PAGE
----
In Toronto, bike advocates and activists have been calling for a “minimum grid” of bike lanes: a total of 100 kilometres of protected, separated bike routes, threaded throughout busy downtown areas. At a staged “die-in” that took place in front of city hall last summer, a throng of riders and advocates made that point very visibly, saying that such infrastructure is needed to prevent another year like 2015.
That year, as became infamous by a flurry of tragic headlines, was one of the worst on record for Toronto cyclists.
As announced recently by Cycle Toronto, the city’s biggest advocacy group, there has been progress made in realizing that vision—both in the public and in the chambers of Toronto’s municipal government. That progress comes a little over a year after the campaign was first launched, during the municipal election of 2014. With political change then on the horizon, 25 of the city’s 44 councillors signed on with the idea, committed to building that city-wide, 100 km grid of bike lanes—as well as 100 km of bike boulevards—by 2018.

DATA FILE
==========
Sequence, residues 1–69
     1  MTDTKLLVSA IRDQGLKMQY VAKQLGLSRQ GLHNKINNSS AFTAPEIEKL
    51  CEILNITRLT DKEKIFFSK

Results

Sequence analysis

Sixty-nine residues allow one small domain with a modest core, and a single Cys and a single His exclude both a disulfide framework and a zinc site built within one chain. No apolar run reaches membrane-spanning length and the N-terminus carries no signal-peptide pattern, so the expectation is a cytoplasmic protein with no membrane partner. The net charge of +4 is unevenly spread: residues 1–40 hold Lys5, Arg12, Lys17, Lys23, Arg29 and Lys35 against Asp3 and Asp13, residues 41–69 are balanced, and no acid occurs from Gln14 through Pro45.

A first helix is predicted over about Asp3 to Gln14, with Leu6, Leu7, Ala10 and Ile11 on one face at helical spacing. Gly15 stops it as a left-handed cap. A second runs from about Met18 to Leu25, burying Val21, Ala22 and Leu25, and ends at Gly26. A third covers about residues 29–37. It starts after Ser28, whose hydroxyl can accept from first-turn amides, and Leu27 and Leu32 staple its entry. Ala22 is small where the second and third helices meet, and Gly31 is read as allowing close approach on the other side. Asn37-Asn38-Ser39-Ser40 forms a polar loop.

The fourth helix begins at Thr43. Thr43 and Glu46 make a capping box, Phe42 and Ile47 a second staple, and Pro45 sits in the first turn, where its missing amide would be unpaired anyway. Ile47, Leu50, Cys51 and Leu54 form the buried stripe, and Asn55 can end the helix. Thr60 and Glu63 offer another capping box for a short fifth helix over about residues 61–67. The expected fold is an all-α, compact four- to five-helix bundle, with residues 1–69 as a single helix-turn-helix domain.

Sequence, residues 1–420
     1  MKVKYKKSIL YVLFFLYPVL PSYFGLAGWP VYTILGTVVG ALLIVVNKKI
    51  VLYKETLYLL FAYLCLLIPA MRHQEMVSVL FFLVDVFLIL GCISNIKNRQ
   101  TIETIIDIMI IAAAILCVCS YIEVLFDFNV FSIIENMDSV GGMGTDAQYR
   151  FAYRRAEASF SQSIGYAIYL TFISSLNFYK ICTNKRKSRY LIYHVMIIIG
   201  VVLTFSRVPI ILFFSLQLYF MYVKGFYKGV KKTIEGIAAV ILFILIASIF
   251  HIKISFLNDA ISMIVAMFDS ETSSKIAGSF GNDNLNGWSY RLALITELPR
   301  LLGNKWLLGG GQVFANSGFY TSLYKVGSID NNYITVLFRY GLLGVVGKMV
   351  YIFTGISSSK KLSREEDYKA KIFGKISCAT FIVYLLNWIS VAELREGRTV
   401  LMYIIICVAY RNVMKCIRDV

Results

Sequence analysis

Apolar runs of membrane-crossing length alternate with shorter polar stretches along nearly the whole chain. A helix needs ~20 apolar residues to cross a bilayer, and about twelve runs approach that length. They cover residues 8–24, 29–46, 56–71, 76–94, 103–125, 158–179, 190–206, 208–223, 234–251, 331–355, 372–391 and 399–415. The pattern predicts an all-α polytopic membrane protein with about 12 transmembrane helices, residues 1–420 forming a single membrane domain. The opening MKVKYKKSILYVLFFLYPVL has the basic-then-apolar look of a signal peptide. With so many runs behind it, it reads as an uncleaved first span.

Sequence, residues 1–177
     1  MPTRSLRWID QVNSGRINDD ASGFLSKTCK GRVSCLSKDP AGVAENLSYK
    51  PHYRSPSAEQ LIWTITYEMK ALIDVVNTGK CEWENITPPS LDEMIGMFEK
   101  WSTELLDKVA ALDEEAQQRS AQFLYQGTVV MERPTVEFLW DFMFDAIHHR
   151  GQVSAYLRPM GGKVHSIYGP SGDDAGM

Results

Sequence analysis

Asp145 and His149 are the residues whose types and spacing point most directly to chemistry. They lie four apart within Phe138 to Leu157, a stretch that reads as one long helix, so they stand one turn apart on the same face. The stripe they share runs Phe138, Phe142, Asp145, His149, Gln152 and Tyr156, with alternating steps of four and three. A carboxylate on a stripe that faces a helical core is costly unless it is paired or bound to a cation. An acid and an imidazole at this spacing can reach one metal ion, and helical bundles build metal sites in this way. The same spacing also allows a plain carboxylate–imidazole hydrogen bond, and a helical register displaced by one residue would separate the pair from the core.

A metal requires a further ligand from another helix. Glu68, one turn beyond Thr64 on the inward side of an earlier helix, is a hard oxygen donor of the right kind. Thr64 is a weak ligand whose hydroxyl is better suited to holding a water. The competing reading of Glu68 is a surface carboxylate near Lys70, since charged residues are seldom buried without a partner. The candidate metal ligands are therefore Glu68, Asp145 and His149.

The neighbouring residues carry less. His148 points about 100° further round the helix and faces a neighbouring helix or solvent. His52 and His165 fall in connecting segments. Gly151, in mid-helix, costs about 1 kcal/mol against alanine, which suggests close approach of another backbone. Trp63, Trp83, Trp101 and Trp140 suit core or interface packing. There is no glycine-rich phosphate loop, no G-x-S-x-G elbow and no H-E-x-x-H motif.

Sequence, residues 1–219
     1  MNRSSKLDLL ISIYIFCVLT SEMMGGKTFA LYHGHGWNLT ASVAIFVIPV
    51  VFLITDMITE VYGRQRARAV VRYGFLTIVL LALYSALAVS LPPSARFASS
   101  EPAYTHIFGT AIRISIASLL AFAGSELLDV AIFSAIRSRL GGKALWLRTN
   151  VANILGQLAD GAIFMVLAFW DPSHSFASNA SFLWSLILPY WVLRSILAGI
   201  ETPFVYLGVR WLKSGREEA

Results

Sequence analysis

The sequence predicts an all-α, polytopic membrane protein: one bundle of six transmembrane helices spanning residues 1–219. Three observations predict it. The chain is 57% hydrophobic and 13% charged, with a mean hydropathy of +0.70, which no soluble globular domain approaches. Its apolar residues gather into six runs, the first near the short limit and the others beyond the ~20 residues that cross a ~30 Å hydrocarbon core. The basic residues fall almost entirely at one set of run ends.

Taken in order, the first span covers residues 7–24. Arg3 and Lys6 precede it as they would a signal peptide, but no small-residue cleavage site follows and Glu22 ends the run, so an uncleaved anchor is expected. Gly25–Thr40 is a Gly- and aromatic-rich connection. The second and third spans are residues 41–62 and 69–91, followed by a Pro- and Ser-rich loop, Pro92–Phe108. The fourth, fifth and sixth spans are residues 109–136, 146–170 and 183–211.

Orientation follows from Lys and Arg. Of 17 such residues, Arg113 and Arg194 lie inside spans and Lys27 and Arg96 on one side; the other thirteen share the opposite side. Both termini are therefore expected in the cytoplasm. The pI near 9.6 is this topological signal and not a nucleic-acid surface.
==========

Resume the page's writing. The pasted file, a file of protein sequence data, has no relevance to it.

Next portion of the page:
Then, after a Ten Year Cycling Network Plan was put forward late last year, Cycle Toronto followed up with local-level street campaigns, advocating for the inclusion of Richmond and Adelaide Streets, Eglinton Avenue, Bloor Street, the Danforth, Lakeshore Boulevard West and Yonge Street as “key corridors” for the Minimum Grid plan.
Since that progress was made, outreach in both political and public spheres has been ongoing, intent on building awareness and support for the bike lane project. A Minimum Grid built by 2018, Toronto city staff revealed, could cost as little as $50 million, which became the focus of a motion put forward by two city councillors, Mike Layton and Mary-Margaret McMahon. The motion requested that city staff report back on funding options for the initiative—amounting to $20 to $25 million per year—to the city’s public works and infrastructure committee.
Public feedback took the form of a poll in the Toronto Sun, asking if the city should be spending $25 million per year on bike lanes. While 30% of respondents voted “no,” support for the plan was huge. With 1915 votes cast, 70% of the Sun‘s online readership thought it was a good idea.
The Toronto Sun, Cycle Toronto noted, has since disabled the poll.
To Cycle Toronto executive director Jared Kolb, the tide, when it comes to cycling in Toronto, is turning. “Seventy-three percent of Torontonians say that the number one thing holding them back from riding more often is street safety,” he told Canadian Cycling Magazine. “A city-wide Minimum Grid of protected bike lanes and bicycle boulevards would unlock cycling as viable transportation. We look forward to seeing city staff’s new 10 Year Cycling Network Plan at city council this spring.”
“With bold vision and more significant funding,” he concluded, “Toronto can become a bicycle-friendly city.”